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Colorado AI Systems Regulation: What Health Care Deployers and Developers Need to Know

As the first state law to regulate the results of Artificial Intelligence System (AI System) use, Colorado’s SB24-205, “Concerning Consumer Protections in Interactions with Artificial Intelligence Systems” (the Act), has generated plenty of cross-industry interest, and for good reason. In some ways similar to the risk-based approach taken by the European Union (EU) in the EU AI Act, the Act aims to regulate developers and deployers of AI Systems, which are defined by the Act as “any machine-based system that, for any explicit or implicit objective, infers from the inputs the system receives how to generate outputs, including content, decisions, predictions, or recommendations, that can influence physical or virtual environments.”

The Act is scheduled to go into effect on February 1, 2026 and its scope will be limited to activities in Colorado, entities doing business in Colorado, or entities whose activities affect Colorado residents. It generally focuses on regulation of "high-risk” AI Systems, which are defined as any AI System that, when deployed, makes, or is a substantial factor in making, a consequential decision. A “consequential decision” means a decision that has a material legal or similarly significant effect on the provision or denial to any consumer of, or the cost or terms of, among other services, health care services.

Deployer and Developer Requirements

Both developers and deployers of high-risk AI Systems must use reasonable care to protect consumers from any known or reasonably foreseeable risks of "algorithmic discrimination".[1] The Act also imposes certain obligations upon developers of high-risk AI systems, including disclosure of information to deployers; publication of summaries of the types of the developer’s high-risk AI systems and how they manage any foreseeable risks; and disclosure to the Colorado Attorney General (AG) of “any known or reasonably foreseeable risks” of algorithmic discrimination arising from the intended uses of the high-risk AI system within 90 days of discovery. Deployers will need to implement risk management policies and programs to govern the deployment of high-risk AI systems; complete impact assessments for the high-risk AI systems; send notice to consumers after deploying high-risk AI systems to make, or be a substantial factor in making, consequential decisions concerning a consumers; and submit notice to the AG within 90 days of discovery that the high-risk AI system has caused algorithmic discrimination.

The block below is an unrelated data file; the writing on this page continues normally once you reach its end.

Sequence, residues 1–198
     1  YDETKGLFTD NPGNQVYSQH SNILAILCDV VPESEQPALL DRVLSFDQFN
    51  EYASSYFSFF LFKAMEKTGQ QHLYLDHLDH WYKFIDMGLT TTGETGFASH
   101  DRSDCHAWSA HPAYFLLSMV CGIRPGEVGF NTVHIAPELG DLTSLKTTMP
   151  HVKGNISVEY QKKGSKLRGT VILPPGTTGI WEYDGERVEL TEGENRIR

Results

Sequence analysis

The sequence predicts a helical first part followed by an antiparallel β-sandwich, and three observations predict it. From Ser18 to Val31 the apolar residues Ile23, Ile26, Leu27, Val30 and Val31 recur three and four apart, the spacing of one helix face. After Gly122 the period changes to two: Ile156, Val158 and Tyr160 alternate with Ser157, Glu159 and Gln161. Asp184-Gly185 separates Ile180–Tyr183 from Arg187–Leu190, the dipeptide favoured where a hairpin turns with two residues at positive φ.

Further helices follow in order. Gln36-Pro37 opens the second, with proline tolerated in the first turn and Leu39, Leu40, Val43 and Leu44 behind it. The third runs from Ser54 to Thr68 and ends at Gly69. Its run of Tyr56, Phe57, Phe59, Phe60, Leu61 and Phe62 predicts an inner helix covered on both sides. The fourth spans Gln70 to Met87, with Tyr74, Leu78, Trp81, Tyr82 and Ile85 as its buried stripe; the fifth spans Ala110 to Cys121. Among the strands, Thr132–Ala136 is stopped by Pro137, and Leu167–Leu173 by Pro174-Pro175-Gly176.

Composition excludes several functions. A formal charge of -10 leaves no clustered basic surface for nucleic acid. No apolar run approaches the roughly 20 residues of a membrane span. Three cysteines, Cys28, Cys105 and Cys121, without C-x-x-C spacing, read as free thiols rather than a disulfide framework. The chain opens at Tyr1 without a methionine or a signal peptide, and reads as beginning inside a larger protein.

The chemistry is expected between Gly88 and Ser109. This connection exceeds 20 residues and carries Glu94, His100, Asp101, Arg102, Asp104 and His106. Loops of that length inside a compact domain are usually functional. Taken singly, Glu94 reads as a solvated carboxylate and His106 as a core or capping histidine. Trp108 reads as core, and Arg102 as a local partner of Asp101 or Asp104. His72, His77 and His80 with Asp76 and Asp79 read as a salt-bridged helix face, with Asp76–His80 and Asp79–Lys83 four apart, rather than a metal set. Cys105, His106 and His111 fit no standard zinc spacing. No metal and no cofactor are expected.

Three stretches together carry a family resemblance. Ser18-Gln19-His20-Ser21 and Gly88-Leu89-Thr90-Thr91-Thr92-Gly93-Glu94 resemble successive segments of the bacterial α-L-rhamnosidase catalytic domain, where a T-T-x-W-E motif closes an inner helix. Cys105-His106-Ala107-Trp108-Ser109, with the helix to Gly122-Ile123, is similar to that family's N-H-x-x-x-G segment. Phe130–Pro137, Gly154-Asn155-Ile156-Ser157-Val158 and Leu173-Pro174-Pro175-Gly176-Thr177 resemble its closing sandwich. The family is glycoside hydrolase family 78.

Health Care Services Scope and Exceptions

The Act defines “health care services” by referring to the Public Health Service Act definition.[2] Though this is a broad definition that could encompass a wide range of services, drafters also accounted for systems that are not high-risk and some of the work that has already been done or is in process by the federal government, as there are exceptions applicable to certain health care entities.

HIPAA Covered Entities

The Act will not apply to deployers, developers, or others that are Covered Entities under HIPAA and are providing health care recommendations that: (i) are generated by an AI System; (ii) require a health care provider to take action to implement the recommendations; and (iii) are not considered to be high-risk (as defined by the Act). This exception appears to be geared toward health care providers since it requires the involvement of a health care provider to actually implement the recommendations made by the AI Systems rather than the recommendations being implemented automatically by the systems. However, the scope is not limited to only providers, as Covered Entities can be health care providers, health plans, or health care clearinghouses. There are a range of possible uses of AI systems by HIPAA Covered Entities, including but not limited to disease diagnoses, treatment planning, clinical outcome predictions, coverage determinations, diagnostics and imaging, clinical research, and population health management. Depending on the circumstances, many of these uses could be considered "high risk". Examples of uses of AI Systems that are not “high risk” in relation to health care services, and could thus potentially meet this exception, include administrative-type tasks such as clinical documentation and note-taking, billing, or appointment scheduling.